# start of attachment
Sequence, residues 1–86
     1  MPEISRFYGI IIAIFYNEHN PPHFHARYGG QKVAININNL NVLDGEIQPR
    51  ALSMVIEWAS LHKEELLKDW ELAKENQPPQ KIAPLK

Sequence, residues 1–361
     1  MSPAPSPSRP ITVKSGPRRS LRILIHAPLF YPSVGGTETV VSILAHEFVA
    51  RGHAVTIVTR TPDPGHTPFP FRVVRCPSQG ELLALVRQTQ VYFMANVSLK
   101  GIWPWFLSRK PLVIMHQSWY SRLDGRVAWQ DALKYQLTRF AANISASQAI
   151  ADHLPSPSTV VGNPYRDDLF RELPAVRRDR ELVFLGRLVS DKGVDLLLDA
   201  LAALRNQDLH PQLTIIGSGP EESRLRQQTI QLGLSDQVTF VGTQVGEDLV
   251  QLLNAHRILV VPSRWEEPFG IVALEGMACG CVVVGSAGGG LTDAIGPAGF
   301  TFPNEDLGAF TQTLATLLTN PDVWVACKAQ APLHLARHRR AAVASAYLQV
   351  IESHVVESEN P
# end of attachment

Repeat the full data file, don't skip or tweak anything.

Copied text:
Sequence, residues 1–86
     1  MPEISRFYGI IIAIFYNEHN PPHFHARYGG QKVAININNL NVLDGEIQPR
    51  ALSMVIEWAS LHKEELLKDW ELAKENQPPQ KIAPLK

Sequence, residues 1–361
     1  MSPAPSPSRP ITVKSGPRRS LRILIHAPLF YPSVGGTETV VSILAHEFVA
    51  RGHAVTIVTR TPDPGHTPFP FRVVRCPSQG ELLALVRQTQ VYFMANVSLK
   101  GIWPWFLSRK PLVIMHQSWY SRLDGRVAWQ DALKYQLTRF AANISASQAI
   151  ADHLPSPSTV VGNPYRDDLF RELPAVRRDR ELVFLGRLVS DKGVDLLLDA
   201  LAALRNQDLH PQLTIIGSGP EESRLRQQTI QLGLSDQVTF VGTQVGEDLV
   251  QLLNAHRILV VPSRWEEPFG IVALEGMACG CVVVGSAGGG LTDAIGPAGF
   301  TFPNEDLGAF TQTLATLLTN PDVWVACKAQ APLHLARHRR AAVASAYLQV
   351  IESHVVESEN P